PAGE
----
And finally, the search for the perfect gardening smock continues. Here's one I discovered on Pinterest, but have found a lot more, and will be doing a post on them soon.


  1. Fantastic Janelle! My summer reading is planned! I recently read Mister Owita's Guide to Gardening and loved it...this post is a keeper. Thank you! 😊

    1. Isn't a lovely book Jeanne? You'll love both Vita's and Virginia's books too; both are quite moving, and delve extensively into the gardens and their challenges over the years.

  2. Several of your tidbits are new info....thanks for sharing.

    Mosquitoes are terrible here, I garden in sleeveless long linen dresses + long sleeved linen shirt. Most all of the pieces are oatmeal or brownish, no patterns. And from thrift stores! Also wear the same when with clients or drawing a garden. Boring but I don't get bit and don't need chemical repellents !

    XO T

    1. Linen is the best for gardening, isn't it? And it lasts for years, unlike cotton. I like CP Shades from California for sturdy linen pieces, but have started sewing some to save $$. You would look beautiful in any colour Tara.

  3. wonderful post! I have ordered three of the books and yes, Mr. Owita's Guide to Gardening is most beautifully written. Jeanne wrote about it a while ago and her recommendations are always spot on for my reading taste and this one certainly did not disappoint. Thank you for adding great new areas to explore....the book art exhibit artist, Kelly Miller is amazing - I visited her website...this post is one now going to my forever folder. Kristin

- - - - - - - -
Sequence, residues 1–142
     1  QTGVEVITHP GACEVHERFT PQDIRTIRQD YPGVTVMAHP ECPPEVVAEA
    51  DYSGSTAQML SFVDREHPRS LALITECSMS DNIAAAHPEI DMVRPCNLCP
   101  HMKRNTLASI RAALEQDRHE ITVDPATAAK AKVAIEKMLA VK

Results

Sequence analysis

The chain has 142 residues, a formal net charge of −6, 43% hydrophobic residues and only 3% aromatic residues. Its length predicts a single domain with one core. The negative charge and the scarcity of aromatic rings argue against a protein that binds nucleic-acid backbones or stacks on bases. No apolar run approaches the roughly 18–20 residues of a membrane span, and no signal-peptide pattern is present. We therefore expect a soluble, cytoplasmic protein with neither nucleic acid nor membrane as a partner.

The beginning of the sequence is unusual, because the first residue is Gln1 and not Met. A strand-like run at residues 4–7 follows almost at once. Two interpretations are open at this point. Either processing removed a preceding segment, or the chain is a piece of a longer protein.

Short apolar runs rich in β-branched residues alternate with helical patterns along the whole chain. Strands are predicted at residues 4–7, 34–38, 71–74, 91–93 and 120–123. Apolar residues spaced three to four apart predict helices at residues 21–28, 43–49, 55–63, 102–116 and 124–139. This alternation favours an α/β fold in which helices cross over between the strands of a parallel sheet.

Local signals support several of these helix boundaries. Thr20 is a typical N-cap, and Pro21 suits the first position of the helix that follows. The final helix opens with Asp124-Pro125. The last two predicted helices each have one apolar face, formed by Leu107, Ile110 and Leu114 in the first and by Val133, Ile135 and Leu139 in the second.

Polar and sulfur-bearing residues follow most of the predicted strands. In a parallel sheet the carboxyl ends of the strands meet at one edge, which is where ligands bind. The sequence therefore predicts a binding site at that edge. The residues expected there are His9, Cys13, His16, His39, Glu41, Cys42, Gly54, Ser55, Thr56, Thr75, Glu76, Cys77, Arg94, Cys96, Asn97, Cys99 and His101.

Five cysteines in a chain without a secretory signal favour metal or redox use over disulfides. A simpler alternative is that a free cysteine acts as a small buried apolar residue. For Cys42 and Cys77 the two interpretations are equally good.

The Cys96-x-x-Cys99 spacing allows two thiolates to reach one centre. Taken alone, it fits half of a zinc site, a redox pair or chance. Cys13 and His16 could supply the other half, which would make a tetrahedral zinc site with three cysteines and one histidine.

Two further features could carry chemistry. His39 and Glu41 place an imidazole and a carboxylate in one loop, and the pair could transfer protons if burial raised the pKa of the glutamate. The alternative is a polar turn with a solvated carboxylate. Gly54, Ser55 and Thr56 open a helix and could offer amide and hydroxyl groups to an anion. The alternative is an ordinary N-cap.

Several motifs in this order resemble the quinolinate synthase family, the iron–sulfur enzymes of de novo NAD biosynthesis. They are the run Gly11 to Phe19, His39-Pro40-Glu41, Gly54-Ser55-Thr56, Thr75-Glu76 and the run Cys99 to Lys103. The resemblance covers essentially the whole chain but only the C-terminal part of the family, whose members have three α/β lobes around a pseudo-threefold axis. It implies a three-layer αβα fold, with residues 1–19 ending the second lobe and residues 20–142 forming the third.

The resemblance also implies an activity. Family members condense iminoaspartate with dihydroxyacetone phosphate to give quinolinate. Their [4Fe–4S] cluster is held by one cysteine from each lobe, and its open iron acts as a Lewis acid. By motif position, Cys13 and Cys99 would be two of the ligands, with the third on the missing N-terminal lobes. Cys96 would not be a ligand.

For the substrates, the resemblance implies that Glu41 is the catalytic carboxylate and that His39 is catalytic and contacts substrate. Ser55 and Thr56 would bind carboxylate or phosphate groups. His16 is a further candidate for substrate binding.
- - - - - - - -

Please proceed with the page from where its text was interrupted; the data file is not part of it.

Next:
1. Glad these books sound good Kirstin. I always love good gardening recommendations too. There seem to be fewer and fewer lovely gardening books around. Thanks for writing such a lovely comment.

  4. Aah Janelle I so enjoy your writing and recommendations are truly recommendations x Thanks for insight always

  5. Janelle, don't prune your roses yet, it is too early. Best to give them a heavy prune in July and a light prune in February for a good autumn flush. I so love reading your posts, it is like entering another, rather beautiful, world, and thank you for the info on cheap travel, such great tips. Looking forward to reading Mr Owita...

  6. Thanks for your tip Jen; so kind of you to write. I shall be back by late June/July, so it will be perfect timing! Thank you again for writing. I was very touched to hear from another rose lover.


Thank you for stopping by. It's always lovely hearing from The Library's readers.